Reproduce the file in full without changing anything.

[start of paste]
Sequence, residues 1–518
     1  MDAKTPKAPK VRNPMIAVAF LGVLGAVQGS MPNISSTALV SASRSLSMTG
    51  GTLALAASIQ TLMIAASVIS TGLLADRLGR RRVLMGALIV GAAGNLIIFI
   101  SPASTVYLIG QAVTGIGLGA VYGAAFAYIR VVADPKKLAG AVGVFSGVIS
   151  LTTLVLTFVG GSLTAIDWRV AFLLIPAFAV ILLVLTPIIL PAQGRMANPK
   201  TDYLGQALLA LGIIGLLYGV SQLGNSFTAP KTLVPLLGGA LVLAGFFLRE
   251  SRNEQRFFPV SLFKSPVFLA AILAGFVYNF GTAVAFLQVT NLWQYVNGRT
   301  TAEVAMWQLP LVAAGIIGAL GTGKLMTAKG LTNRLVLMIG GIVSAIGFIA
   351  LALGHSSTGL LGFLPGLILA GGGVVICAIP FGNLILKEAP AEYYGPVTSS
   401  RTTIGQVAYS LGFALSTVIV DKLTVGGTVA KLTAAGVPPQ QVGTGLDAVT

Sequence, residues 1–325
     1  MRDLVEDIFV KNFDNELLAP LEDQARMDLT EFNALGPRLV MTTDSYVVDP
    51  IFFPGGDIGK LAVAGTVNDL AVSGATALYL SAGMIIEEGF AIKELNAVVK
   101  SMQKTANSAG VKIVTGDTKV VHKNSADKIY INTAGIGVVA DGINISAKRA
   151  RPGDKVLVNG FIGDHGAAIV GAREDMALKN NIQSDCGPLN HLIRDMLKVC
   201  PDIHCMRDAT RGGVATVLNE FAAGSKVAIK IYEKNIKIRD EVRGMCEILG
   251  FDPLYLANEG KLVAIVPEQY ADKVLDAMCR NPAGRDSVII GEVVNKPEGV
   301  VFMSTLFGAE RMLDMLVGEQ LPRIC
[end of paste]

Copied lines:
Sequence, residues 1–518
     1  MDAKTPKAPK VRNPMIAVAF LGVLGAVQGS MPNISSTALV SASRSLSMTG
    51  GTLALAASIQ TLMIAASVIS TGLLADRLGR RRVLMGALIV GAAGNLIIFI
   101  SPASTVYLIG QAVTGIGLGA VYGAAFAYIR VVADPKKLAG AVGVFSGVIS
   151  LTTLVLTFVG GSLTAIDWRV AFLLIPAFAV ILLVLTPIIL PAQGRMANPK
   201  TDYLGQALLA LGIIGLLYGV SQLGNSFTAP KTLVPLLGGA LVLAGFFLRE
   251  SRNEQRFFPV SLFKSPVFLA AILAGFVYNF GTAVAFLQVT NLWQYVNGRT
   301  TAEVAMWQLP LVAAGIIGAL GTGKLMTAKG LTNRLVLMIG GIVSAIGFIA
   351  LALGHSSTGL LGFLPGLILA GGGVVICAIP FGNLILKEAP AEYYGPVTSS
   401  RTTIGQVAYS LGFALSTVIV DKLTVGGTVA KLTAAGVPPQ QVGTGLDAVT

Sequence, residues 1–325
     1  MRDLVEDIFV KNFDNELLAP LEDQARMDLT EFNALGPRLV MTTDSYVVDP
    51  IFFPGGDIGK LAVAGTVNDL AVSGATALYL SAGMIIEEGF AIKELNAVVK
   101  SMQKTANSAG VKIVTGDTKV VHKNSADKIY INTAGIGVVA DGINISAKRA
   151  RPGDKVLVNG FIGDHGAAIV GAREDMALKN NIQSDCGPLN HLIRDMLKVC
   201  PDIHCMRDAT RGGVATVLNE FAAGSKVAIK IYEKNIKIRD EVRGMCEILG
   251  FDPLYLANEG KLVAIVPEQY ADKVLDAMCR NPAGRDSVII GEVVNKPEGV
   301  VFMSTLFGAE RMLDMLVGEQ LPRIC